What’s in an age?

Age statements. What is it? Is it important? And why age?

This is a complicated question that’s answer lies in who you ask. Let’s start with the basic, perhaps obvious definition of what an age statement is. From scotch to rum, many bottles profess their age in bold numbers on the front of the bottle with a significant correlation between older spirits and cost. But what does it mean? In truth, this can vary from spirit to spirit. Case in point, if a bottle of scotch says “Aged 12 Years”, it means the youngest scotch in said bottle is 12 years old. If you see the same statement on a bottle of rum, it means that the oldest rum within the bottle is aged 12 years. 

There is much speculation that the higher the age statement, the better the product. But that is really up to the individual. Personally, I have $40 bottles that are amazing and $300 bottles that are so-so. One thing that is certain is the direct correlation between price and age. One reason is there is more evaporation with a product aged longer so it produces less bottles. Also, the perception that “older is better” can cause price inflation due to demand. A Macallan 18 for example sells for $284.95 and the Bowmore 18 sells for $129.95 (prices as of 8/19). Both are available at Trailhead Liquor, single malt, and aged for the same amount of time. Is the price a reflection of the quality? Perhaps, but one could also argue that Macallan being a more well known brand can charge a premium for their production. In the end, taste always comes down to personal preference. The easiest question to answer is why whiskeys are aged. The aging process takes away some of the harsher elements and “alcohol” taste and can take on various flavors in the barrel they are aged in, such as oak or port. 

Many distilleries are experimenting with “No Age Statement” (NSA) such as Oban Little Bay, which comes in as the lowest priced bottle for Oban. Others are using this to create even more premium products, such as Laphroaig Lore, or further still with Macallan Rare Cask. Often, Trailhead liquor staff are asked about ages on such products because the consumer does seem to expect an age statement at a certain price point. But without an age statement, some argue that a higher quality product can be achieved by combining a variety of ages with a tastier outcome. Some 30 year whiskies may taste like your brothers gym socks while a 7 year might be the nectar of the gods.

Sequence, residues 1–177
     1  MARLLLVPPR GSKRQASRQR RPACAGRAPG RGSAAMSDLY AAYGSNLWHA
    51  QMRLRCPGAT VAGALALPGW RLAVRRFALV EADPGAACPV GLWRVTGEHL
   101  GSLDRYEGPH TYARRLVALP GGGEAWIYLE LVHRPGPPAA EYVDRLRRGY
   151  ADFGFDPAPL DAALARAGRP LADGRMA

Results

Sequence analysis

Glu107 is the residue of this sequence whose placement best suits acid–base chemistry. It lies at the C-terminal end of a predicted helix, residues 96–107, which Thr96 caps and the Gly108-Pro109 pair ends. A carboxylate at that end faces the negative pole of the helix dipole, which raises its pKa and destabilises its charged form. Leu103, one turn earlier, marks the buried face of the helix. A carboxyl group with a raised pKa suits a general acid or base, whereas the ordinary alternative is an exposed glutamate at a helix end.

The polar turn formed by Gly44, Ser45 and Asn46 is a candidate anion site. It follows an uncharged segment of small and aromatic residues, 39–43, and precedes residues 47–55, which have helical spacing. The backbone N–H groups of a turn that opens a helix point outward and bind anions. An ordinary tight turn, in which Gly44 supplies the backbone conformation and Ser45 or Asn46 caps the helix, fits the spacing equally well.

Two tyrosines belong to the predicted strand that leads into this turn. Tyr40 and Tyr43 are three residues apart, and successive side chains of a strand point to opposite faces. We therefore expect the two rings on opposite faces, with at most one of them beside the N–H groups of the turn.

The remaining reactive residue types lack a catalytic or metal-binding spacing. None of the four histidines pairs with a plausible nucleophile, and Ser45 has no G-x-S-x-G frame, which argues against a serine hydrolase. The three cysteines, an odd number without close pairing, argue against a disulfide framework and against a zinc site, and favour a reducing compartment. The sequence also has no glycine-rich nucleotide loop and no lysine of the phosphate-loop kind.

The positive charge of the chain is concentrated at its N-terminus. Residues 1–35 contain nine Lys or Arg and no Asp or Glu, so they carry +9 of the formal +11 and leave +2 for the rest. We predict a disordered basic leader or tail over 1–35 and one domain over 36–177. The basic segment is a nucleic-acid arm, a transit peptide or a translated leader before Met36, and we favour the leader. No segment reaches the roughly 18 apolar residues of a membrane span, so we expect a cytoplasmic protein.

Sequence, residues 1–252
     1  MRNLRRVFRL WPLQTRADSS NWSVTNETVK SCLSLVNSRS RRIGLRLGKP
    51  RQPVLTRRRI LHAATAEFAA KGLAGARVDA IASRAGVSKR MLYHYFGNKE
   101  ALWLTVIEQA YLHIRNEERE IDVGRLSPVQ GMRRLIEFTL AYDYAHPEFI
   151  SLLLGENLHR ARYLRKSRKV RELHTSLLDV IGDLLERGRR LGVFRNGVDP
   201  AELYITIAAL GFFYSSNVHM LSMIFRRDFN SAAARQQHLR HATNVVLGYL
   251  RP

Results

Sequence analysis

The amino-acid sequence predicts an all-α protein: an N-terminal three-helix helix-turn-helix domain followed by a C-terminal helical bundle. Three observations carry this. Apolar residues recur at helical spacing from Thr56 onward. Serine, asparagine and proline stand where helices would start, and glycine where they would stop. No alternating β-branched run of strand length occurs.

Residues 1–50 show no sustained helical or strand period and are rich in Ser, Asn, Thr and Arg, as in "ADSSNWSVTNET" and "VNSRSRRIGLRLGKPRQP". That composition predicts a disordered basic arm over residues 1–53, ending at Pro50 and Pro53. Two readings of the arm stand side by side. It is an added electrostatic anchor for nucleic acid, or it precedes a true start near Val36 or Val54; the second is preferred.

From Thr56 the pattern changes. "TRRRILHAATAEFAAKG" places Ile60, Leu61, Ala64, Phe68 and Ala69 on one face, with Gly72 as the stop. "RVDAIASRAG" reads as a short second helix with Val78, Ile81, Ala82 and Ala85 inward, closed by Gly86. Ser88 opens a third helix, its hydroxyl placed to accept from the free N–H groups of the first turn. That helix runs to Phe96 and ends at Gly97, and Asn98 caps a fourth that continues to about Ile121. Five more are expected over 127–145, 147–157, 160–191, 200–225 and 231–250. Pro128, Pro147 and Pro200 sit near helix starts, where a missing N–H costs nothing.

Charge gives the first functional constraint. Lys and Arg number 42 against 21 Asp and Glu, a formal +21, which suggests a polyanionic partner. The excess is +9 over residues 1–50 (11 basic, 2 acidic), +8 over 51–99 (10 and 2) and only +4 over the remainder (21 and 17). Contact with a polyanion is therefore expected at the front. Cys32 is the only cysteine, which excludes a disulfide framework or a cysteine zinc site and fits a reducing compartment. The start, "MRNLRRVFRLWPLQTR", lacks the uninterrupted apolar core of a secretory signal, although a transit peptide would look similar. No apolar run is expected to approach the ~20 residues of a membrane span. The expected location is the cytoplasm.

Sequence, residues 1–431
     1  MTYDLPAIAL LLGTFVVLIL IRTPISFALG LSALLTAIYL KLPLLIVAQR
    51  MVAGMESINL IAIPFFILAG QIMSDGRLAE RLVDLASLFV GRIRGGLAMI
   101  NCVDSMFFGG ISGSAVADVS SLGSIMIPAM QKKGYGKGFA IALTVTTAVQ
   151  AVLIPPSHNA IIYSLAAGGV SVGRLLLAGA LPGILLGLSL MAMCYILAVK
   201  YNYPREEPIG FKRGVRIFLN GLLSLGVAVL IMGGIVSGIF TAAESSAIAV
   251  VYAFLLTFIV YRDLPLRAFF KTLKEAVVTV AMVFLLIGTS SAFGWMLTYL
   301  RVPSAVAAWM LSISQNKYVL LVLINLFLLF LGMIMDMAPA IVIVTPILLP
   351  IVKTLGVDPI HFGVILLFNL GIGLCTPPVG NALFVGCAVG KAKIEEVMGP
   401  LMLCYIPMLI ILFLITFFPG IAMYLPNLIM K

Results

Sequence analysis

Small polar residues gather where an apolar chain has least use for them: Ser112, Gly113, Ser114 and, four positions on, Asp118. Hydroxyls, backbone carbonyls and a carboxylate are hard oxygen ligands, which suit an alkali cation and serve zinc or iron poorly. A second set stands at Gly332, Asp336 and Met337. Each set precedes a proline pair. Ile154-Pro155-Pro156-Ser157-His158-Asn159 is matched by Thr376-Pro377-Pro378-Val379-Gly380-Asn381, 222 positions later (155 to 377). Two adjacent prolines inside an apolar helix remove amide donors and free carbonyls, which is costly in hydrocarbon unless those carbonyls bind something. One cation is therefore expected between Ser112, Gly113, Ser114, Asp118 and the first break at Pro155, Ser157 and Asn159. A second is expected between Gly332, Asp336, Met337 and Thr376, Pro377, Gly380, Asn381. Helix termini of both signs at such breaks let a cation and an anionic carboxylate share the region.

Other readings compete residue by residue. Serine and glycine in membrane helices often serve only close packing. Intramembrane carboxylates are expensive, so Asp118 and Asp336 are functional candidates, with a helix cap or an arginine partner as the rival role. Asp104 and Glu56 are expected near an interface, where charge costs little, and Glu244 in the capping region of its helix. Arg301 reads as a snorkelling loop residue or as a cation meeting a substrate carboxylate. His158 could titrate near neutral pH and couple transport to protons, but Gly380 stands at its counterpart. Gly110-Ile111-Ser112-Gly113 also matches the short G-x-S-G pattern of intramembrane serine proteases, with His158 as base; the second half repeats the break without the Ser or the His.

So what is the future of the age statement? Only time will tell. There is buzz that the no age statement movement is a fail and most products will go back to including them on their premium lines. But there is concern about supply as whiskey grows in popularity and collectors become more common. Japanese whiskies have been especially impacted by short supply. Considering they have only been distilling for 90 years compared to Scotland’s 500+, it makes sense why there might be issues.  Nikka has removed age statements altogether, and Suntory has released NAS products to deal with short supply of aged barrels. 

So is older better? Not necessarily. For the true collector, owning a 30+ year bottle can be a wonderful addition. But, there are plenty of excellent whiskies well under the 30 year mark or with no age statement at all that are ripe for your enjoyment. The best course of action is to try as many things as possible and figure out what YOU like. Not sure? Feel free to check with a Trailhead Liquor staff member who can help guide you to your potential new favorite. 

La Jefa